The Higgs boson is the last piece to be put in place completing what is known as the Standard Model in physics. It’s similar to what the Periodic Table of Elements is to Chemistry. For instance, if you have confirmed an element with 22 protons (Titanium) and also confirmed an element with 24 protons (Chromium), the “model” in Chemistry would speculate that there should be an element with 23 protons, even though you haven’t “seen” it yet. (fyi, Vanadium, atomic number 23, was in fact discovered in 1801). The reason that the Hiiggs got the nickname “God particle” was because all of the scientists agreed that it should exist, but no one could actually observe it. Test after test confirmed that, to fit the Model, the Higgs boson should in fact exist, it’s just that no one had been able to create an experiment that proved it.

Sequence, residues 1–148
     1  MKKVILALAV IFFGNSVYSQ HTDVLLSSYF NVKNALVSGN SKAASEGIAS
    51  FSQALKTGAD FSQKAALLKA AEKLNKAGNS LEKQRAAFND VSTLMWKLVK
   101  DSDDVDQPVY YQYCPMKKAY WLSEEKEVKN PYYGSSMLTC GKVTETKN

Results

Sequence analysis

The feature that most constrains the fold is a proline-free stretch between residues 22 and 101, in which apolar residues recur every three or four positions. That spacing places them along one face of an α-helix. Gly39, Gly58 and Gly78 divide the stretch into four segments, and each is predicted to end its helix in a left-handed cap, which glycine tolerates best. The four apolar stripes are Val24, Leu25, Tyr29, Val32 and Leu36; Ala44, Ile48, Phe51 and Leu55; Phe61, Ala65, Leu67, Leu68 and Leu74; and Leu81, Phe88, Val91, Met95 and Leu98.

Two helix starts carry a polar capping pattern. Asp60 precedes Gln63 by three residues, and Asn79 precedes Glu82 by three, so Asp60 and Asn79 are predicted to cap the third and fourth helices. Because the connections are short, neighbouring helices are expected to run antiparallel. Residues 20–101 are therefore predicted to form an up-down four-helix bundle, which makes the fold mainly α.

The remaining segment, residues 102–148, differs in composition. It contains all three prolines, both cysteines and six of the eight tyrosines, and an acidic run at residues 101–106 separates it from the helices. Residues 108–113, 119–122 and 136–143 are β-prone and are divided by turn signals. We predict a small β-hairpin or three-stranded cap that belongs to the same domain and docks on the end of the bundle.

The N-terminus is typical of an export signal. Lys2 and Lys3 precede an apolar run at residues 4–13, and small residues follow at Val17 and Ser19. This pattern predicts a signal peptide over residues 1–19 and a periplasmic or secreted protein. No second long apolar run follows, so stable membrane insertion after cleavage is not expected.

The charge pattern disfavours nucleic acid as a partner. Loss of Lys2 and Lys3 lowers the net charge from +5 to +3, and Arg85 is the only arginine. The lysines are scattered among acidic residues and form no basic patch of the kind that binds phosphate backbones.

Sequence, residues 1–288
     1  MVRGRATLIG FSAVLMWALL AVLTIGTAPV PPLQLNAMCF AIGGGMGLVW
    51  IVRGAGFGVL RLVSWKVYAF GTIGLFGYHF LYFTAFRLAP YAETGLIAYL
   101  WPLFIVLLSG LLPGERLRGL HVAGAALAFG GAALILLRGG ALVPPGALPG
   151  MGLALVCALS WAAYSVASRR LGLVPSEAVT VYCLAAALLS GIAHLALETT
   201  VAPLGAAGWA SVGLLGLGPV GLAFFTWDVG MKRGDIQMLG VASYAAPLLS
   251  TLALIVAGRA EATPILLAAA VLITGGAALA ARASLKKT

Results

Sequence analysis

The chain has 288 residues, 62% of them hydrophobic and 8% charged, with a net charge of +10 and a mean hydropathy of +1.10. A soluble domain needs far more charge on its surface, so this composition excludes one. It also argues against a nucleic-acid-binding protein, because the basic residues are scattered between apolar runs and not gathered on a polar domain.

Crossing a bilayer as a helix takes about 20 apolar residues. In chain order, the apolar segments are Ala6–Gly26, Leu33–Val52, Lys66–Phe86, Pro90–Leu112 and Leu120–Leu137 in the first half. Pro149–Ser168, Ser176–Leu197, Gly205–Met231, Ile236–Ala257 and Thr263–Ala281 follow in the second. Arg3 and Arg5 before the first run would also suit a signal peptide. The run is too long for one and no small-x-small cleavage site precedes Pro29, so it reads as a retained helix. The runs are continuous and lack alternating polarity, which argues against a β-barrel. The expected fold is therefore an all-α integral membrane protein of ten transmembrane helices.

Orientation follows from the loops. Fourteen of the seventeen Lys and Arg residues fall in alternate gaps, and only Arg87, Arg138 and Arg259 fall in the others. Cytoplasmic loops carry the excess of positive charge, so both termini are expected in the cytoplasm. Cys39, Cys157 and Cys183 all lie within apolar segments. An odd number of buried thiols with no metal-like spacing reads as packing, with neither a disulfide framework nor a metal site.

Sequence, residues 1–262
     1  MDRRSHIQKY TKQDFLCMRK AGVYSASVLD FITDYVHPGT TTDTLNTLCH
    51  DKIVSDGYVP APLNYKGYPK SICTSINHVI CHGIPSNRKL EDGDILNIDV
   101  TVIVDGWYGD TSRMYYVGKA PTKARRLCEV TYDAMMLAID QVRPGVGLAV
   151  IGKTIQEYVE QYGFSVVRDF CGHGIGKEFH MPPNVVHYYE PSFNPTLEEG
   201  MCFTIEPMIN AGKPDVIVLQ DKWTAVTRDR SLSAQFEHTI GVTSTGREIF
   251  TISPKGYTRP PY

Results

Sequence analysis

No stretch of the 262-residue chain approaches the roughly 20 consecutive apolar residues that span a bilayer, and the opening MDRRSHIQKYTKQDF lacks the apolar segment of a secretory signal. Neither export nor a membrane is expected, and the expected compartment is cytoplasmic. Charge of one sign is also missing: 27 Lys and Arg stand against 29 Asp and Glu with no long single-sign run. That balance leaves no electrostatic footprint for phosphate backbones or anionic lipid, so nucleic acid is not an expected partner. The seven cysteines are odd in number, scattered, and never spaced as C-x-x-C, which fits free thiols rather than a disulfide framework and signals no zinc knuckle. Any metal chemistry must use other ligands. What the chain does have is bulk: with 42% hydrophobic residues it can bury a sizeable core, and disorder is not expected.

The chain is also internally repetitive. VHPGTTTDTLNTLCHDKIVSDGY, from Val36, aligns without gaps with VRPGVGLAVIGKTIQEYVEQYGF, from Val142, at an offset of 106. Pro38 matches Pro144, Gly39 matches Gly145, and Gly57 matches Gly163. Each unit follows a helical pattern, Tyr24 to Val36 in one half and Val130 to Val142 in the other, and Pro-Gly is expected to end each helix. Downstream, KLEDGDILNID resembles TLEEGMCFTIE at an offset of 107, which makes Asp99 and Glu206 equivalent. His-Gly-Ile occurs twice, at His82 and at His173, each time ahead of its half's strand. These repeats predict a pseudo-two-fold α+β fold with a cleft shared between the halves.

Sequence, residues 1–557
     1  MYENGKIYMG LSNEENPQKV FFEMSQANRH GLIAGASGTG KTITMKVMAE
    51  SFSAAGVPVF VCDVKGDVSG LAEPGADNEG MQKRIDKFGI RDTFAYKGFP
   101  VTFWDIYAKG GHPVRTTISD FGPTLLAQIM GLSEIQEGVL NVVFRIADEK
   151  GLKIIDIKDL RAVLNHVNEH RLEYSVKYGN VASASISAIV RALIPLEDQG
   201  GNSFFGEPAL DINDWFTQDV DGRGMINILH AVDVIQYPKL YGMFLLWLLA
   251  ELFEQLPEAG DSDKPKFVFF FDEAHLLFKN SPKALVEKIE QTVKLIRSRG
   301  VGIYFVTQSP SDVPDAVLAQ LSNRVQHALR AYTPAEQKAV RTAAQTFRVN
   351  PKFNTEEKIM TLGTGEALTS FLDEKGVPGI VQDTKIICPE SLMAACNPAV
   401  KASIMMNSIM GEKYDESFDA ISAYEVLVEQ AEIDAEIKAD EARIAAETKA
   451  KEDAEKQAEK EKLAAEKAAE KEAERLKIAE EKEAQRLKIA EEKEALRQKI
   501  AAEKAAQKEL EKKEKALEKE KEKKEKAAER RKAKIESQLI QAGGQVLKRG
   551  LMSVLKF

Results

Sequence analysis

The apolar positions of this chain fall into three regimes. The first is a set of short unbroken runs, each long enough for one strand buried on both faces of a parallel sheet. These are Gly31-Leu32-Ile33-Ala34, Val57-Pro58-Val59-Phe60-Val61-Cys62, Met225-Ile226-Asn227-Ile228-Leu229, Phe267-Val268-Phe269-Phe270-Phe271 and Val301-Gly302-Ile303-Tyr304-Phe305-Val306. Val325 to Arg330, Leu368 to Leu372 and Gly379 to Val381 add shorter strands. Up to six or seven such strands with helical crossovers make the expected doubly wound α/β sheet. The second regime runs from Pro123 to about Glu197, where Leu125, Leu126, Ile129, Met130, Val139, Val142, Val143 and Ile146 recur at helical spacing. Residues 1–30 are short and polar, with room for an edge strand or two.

Because of the fact that all the evidence confirmed the existence of the Higgs boson and yet it remained so hard to definitively observe and prove, some people compared this to the qualities of God. Hence the certain but mysterious Higgs became known as the “God particle.”

So what can the God particle tell us about God? Here’s the key for me. The whole process of “proving” the existence of the Higgs shows that science and faith really operate on systems that are a lot closer than people think. Look at the “scientific” process at work here. Because the physicists had such confidence in the Model they had proposed, they were convinced by the evidence that the Higgs boson existed, even though no one had been able to see or maybe ever would see it. One might say that they had “faith” in the existence of the Higgs boson. Science requires faith too!